Playing Russian Roulette with the Merged Company's Future at Stake

An integration is no place for on-the-job training. There's too much on the line. 

Consolidating two companies isn’t anything like running the day-to-day business. There's little in the routine operation of a business that prepares its managers to run an M&A integration. Even crusty, battle-scarred, seasoned veterans with years of experience under their belts can be rookies in this situation. It's not enough just to throw your A-Team at the integration if they have to essentially feel their way along. Undoubtedly they will give it their best effort, but it is like they are playing a game of organizational Russian roulette. They are relying on good luck and if they don't get it, the consequences can be grave.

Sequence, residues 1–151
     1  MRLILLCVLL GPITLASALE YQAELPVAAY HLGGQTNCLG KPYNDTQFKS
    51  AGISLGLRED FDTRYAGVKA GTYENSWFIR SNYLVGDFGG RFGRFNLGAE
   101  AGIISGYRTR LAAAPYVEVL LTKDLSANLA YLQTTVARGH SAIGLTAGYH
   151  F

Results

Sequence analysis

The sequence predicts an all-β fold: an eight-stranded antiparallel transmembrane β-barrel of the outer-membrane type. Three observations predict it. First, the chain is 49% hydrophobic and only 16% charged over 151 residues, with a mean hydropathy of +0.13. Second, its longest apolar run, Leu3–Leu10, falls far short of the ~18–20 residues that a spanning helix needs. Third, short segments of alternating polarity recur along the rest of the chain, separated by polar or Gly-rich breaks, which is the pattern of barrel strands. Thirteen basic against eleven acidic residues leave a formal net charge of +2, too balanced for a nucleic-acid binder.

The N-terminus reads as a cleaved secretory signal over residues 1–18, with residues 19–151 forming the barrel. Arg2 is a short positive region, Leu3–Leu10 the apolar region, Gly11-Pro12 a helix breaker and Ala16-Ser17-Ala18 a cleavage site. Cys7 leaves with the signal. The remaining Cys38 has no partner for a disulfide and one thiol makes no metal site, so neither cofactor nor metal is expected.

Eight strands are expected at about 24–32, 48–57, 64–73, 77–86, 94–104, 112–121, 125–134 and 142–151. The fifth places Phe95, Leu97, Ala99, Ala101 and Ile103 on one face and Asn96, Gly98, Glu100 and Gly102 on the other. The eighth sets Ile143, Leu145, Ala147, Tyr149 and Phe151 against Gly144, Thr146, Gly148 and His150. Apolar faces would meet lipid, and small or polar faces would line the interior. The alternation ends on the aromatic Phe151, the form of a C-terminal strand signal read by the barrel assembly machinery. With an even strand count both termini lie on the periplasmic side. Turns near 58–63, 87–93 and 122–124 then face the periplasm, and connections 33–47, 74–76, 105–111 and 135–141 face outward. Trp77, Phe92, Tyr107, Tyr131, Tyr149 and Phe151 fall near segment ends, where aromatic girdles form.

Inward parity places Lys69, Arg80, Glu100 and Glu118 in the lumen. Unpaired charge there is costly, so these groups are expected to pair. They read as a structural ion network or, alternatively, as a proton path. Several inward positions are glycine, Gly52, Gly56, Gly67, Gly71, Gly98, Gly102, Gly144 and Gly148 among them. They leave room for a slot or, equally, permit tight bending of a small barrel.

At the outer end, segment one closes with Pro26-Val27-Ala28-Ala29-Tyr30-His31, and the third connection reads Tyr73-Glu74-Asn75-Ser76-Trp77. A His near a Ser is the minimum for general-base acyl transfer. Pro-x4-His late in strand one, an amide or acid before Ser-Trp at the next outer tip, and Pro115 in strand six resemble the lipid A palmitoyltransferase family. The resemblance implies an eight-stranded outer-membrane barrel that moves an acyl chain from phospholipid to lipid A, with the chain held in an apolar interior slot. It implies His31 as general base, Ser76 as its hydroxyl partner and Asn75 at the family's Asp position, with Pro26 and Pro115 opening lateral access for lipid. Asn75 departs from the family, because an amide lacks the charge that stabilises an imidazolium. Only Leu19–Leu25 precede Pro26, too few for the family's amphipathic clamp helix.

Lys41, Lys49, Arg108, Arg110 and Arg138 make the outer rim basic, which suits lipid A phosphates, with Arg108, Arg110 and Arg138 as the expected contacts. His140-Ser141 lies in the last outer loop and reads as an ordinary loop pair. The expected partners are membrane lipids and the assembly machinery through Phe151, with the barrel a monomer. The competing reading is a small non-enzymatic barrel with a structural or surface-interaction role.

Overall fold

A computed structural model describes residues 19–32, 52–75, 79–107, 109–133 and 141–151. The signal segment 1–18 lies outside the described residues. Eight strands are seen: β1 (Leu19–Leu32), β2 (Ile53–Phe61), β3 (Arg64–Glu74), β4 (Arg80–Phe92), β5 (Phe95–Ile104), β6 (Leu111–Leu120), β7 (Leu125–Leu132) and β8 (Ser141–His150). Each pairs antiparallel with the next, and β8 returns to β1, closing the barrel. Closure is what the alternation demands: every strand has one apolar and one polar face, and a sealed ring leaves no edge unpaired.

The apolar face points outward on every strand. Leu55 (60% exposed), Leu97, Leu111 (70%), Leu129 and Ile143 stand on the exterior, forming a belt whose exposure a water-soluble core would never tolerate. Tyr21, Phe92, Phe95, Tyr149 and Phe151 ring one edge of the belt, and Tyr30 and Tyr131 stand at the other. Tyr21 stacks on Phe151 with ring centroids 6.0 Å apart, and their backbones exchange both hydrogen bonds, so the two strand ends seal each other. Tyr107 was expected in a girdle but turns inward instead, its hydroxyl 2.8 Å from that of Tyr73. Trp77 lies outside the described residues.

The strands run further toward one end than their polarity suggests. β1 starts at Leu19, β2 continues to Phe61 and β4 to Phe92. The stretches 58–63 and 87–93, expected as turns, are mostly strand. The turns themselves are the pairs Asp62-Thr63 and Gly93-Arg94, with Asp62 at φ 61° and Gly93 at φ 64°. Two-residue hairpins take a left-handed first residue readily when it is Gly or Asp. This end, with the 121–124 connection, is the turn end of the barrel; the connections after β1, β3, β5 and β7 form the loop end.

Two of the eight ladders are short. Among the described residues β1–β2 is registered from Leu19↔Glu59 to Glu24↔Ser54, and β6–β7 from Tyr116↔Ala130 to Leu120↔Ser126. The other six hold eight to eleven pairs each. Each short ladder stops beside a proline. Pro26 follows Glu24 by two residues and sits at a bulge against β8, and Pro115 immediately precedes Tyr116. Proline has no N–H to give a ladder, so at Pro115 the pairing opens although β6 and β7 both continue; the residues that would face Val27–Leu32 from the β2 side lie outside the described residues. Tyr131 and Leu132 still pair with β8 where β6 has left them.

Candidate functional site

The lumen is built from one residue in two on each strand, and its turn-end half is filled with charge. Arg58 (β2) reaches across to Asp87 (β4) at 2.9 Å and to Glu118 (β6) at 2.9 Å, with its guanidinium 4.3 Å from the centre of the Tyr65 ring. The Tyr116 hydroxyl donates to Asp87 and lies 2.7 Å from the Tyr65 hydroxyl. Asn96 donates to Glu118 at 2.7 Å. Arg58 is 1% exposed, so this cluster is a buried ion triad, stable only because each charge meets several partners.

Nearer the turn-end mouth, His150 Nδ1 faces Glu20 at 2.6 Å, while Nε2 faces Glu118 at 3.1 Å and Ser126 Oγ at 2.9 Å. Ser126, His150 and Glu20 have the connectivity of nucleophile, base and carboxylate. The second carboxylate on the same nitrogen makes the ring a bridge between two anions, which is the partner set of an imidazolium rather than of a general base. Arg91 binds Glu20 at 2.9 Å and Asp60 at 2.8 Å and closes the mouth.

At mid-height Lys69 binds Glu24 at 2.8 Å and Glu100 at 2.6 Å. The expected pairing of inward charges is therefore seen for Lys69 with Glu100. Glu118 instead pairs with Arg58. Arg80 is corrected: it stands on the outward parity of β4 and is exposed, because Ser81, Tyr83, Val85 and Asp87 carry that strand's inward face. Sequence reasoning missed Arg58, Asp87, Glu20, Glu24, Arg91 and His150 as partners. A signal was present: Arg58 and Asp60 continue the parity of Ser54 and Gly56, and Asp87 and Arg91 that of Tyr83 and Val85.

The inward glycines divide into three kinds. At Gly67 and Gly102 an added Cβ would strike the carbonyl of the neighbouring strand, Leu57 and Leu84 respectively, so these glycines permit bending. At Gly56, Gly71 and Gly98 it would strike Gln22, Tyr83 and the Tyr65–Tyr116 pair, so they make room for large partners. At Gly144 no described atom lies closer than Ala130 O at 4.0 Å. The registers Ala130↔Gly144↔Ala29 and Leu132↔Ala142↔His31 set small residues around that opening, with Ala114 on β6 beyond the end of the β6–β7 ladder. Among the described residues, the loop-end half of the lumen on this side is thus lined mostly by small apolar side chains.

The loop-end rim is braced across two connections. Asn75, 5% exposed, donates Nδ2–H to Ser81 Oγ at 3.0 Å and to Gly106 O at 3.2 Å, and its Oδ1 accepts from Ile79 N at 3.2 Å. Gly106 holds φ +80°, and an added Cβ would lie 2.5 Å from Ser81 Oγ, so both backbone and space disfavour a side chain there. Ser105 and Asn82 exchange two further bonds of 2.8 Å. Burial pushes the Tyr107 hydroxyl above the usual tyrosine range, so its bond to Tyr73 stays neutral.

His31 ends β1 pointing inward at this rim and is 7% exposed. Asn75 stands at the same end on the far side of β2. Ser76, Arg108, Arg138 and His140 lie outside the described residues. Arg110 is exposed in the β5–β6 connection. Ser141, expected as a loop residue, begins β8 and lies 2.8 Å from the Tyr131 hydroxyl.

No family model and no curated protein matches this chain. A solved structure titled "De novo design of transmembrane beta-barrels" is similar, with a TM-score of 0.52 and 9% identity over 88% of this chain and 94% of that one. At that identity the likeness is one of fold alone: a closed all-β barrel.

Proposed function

Integration team members may not receive a second chance to make the consolidation work. At the very least, their learning curve is likely to lengthen the transition period at a point in time when additional days, weeks, and months are directly translated into lost productivity and perhaps, many millions of dollars wasted.

Protect the value of an acquisition by bringing your people up to speed:

•    Educate them on integration governance, risks, and best practices
•    Teach them how to use a proven, step-by-step integration methodology
•    Coach them how to avoid the most common mistakes
•    Provide the shortcuts to success
•    Give them a grasp of the proper priorities

We recommend training, such as the Merger Integration Certification Workshop, that level sets everyone with the same information and teaches many specific "how to's."  

Without this type of orientation, integration leaders typically argue over who's right, get in each other's way, and generally just tangle things up. However, some expert education on the front end can bring both the knowledge and the alignment necessary for a well-orchestrated  integration.